40+

In Fashion – Jody Klaire

In Fashion – Jody KlaireCross Trinny and Susannah with Mary Portas and you have the concept of “In Fashion”. Super model and super bitch Darcy McGregor is the TV makeover queen with a complicated past. When her daughter and producer decide to shake her up by picking a gorgeous lesbian security guard for her next patient, everybody but Darcy can see she has met her match. Down to earth Kate dislikes fashion, thinks Darcy is shallow and is uninterested in becoming the latest victim of her attention.

This is a very comical romp with some serious messages. It’s laugh out loud funny, with wonderful characters, amusing dialogue and a literal clash of wills that challenges both women’s assumptions. Underneath the fun we find a sensitive handling of mental disability, a fight against bullying and watch how the media and social media can destroy a person’s life.

Th characters make the book, genuine and very real, warts and all. Darcy’s a woman locked in her own heard headed self-loathing, but a wonderful mother with a brilliant relationship with her typically teenage daughter. Kate’s a totally adorable soul who doesn’t realise how amazing she is. The family and friends form a great ensemble piece, but it will be Mickey, Kate’s wonderful brother, who will steal your heart.

Well written, genuinely witty, empathetic and full of clever human observation this is an excellent read, I literally couldn’t put it down



Did you know? If you purchase any of the books reviewed on the LRR from our Amazon shop or Amazon page links we receive a couple of cents per book which will help us support the Lesbian Reading Room GCLS Scholarship Fund.

(publisher review copy received)

Product info:

  • Paperback: 222 pages
  • First published 2018
  • Publisher: Ylva (October 3, 2018)
  • ASIN: B07HGFCKDW
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The Third Eye – Jenna Rae

The Third Eye – Jenna RaeWhen a new Officer is killed by a bad cop, Captain Borelli takes it hard. She wasn’t the rookie’s commanding officer but feels responsible as a mentor, responsible enough that when the shooting it “handled” politically to minimise the fallout she takes time off to do her own investigation. When her ex-partner disappears, the shooter turns up dead, and the bad cop’s girlfriend appears to be abducted, she knows this is something way bigger than a cop on the take

This is an excellent cop crime drama, great characters, engaging storyline and a real whodunnit until the last chapter. It soon becomes clear there is a cover-up, but who is behind it all remains a mystery.

Brenda Borelli is a very well-drawn character with depth and subtlety, somebody we can really empathise with as she tries to make sense of her life since she caught her partner in bed with another woman, struggling to find her feet, work out what went wrong, and find a way forward.

Really enjoyed this one. Would be a great start to a series.



Did you know? If you purchase any of the books reviewed on the LRR from our Amazon shop or Amazon page links we receive a couple of cents per book which will help us support the Lesbian Reading Room GCLS Scholarship Fund.

(publisher review copy received)

Product info:

  • Paperback: 308 pages
  • First published 2018
  • Publisher: Bella Books (September 14, 2018)
  • ASIN: B07H37FSKW
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The Neighbor – Gerri Hill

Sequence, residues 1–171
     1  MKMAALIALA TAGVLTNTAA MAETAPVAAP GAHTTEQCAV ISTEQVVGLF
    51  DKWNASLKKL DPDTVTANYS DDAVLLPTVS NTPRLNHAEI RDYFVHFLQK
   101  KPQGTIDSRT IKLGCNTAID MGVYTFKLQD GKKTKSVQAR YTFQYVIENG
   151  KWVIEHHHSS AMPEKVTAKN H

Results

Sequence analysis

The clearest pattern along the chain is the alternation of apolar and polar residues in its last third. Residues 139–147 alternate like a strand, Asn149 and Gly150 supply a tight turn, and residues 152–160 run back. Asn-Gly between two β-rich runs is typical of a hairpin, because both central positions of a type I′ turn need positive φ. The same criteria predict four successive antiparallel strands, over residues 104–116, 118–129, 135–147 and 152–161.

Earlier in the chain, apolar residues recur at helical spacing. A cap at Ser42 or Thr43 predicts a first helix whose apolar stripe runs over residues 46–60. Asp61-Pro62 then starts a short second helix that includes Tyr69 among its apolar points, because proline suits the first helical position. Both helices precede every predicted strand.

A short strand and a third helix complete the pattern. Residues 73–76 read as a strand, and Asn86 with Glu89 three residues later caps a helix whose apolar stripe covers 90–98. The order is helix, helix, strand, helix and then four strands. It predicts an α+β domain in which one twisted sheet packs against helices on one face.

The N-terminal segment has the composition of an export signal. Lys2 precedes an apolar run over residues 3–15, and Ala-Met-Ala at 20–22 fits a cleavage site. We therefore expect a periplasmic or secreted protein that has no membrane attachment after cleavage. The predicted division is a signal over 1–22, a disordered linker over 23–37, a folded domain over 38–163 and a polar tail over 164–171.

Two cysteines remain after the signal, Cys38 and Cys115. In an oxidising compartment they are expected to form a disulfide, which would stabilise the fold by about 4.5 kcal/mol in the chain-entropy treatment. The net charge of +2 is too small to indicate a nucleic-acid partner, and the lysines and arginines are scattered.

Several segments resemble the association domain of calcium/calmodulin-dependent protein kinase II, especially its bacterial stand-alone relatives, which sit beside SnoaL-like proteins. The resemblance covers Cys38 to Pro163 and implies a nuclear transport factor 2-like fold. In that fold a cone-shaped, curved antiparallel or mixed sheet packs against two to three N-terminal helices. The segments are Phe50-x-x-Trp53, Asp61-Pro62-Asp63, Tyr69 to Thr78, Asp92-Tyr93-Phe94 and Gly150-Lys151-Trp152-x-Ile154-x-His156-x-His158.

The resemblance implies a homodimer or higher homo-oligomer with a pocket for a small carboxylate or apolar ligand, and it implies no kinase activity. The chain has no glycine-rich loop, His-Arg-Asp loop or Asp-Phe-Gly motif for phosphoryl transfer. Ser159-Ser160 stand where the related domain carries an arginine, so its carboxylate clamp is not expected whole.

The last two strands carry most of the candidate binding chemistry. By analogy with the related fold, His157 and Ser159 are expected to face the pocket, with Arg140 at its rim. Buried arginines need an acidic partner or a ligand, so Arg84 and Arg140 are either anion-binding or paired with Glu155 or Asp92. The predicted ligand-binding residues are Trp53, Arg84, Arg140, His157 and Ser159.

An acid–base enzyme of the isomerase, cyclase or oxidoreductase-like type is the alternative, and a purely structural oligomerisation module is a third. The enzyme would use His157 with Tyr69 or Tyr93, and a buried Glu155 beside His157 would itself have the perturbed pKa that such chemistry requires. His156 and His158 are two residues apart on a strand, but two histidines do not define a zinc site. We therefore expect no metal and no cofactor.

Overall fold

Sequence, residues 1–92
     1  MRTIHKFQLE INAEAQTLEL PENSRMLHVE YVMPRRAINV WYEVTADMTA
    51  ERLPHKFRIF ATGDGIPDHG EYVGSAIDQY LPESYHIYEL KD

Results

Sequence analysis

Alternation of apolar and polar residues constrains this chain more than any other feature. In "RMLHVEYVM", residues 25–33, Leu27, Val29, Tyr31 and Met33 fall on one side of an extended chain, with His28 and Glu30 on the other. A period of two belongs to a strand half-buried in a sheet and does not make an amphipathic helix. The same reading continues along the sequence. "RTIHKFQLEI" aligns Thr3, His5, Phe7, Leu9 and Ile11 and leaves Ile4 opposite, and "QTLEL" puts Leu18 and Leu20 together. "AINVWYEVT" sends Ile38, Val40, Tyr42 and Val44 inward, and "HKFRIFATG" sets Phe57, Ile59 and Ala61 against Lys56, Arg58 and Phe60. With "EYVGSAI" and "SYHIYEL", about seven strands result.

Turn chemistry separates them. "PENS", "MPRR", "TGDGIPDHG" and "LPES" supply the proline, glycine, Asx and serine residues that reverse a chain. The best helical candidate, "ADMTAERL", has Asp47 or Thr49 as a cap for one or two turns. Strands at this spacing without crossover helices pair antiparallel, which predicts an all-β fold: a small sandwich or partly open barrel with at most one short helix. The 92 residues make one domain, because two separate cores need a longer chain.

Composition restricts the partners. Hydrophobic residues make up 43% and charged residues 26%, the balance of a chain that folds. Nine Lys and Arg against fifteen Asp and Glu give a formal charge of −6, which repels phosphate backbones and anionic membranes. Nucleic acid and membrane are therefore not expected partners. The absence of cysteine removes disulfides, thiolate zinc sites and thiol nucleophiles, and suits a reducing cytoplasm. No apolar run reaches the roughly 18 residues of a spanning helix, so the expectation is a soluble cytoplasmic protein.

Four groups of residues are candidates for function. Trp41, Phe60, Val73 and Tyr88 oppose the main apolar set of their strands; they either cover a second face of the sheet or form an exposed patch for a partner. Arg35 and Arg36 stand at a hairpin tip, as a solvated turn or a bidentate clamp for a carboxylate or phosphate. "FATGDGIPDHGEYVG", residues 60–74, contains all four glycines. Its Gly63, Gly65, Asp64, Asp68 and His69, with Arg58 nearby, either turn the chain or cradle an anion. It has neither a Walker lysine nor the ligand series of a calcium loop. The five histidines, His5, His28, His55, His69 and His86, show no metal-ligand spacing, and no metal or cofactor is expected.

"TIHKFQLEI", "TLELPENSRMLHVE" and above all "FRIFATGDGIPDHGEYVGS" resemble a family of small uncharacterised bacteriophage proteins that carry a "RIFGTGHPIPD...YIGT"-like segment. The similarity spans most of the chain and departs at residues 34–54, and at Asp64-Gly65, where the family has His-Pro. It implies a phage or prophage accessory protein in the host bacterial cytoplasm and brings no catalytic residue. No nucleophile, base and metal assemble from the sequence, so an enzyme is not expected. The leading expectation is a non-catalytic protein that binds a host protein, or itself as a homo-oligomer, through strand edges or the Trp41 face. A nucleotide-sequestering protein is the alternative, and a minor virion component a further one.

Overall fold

The Neighbor - Gerri HillLaura bites the bullet and goes to live at home to help her mother, despite their frosty relationship. Stuck with writer’s block and needing a break she tackles the long-neglected yard which her mother had so lovingly tended before the accident. Listening to, then watching, then, quite frankly, spying on her nympho neighbour’s weekend pool parties hits a nerve and telling her neighbour off for the noise gives Laura some little revenge.

Cassidy likes women, beautiful women. But not for long; a couple of weeks and she’s bored of the airhead younger women she takes to her bed and her seemingly endless pool parties. But she doesn’t know how to change the pattern, and does she really want a grown-up relationship?

This is classic Gerri Hill at her very best, top of the pile of so many excellent books she has written, I genuinely loved this story and these two women.

Drawn together initially in conflict and then, as much as anything, by their differences, Laura and Cassidy aren’t truly opposites, but they certainly appear that way. Laura, after failed relationships and years of failed manuscripts, feels like she is going backwards moving home at the end of her savings. She thinks of herself as a million miles away from the beautiful stick insects who arrive every weekend to hang out at her neighbour’s pool. And becoming the neighbour’s yard girl is hardly going to elevate her self-esteem. But it is her very down to earth attitude, literally as well as figuratively, which draws Cassidy to her, sick of the women who use her bed, her house and her pool.

The growing friendship and hidden attraction between them is skilfully written and totally engaging. This isn’t a new story or a clever plot, but it is so exquisitely done that it is totally absorbing. Laura needs to accept who she is and let go of who she thought she was. Cassidy has to work out who she’d rather be; a conflict reflected in her friendships, real and false.

A 40 something romance, genuine and real, women we can relate to and empathise with, laugh with and relish. This was a joy to read.



Did you know? If you purchase any of the books reviewed on the LRR from our Amazon shop or Amazon page links we receive a couple of cents per book which will help us support the Lesbian Reading Room GCLS Scholarship Fund.

(publisher review copy received)

Product info:

  • Paperback: 257 pages
  • First published 2018
  • Publisher: Bella Books (September 14, 2018)
  • ASIN: B07H38MRXC
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Wait for Me – Susan X Meagher

Wait for ME - Susan X MeagherMolly has had a tough year; she’s lost her best friend to a freak accident, ended her marriage and feels alienated from her conservative and catholic parents over the divorce. W
hen she joins a book club to fill the void she is instantly alienated by the hyper-intellectual snobbery of the organisers, but the host, Alexa, is appealing enough to go back for more.